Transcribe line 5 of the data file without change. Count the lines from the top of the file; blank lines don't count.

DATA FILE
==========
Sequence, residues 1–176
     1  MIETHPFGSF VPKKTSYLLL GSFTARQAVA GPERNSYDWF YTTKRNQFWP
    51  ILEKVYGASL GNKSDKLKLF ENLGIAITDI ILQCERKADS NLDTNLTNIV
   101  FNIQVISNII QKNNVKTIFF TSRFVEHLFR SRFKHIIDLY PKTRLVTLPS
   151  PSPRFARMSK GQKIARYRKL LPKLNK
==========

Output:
   151  PSPRFARMSK GQKIARYRKL LPKLNK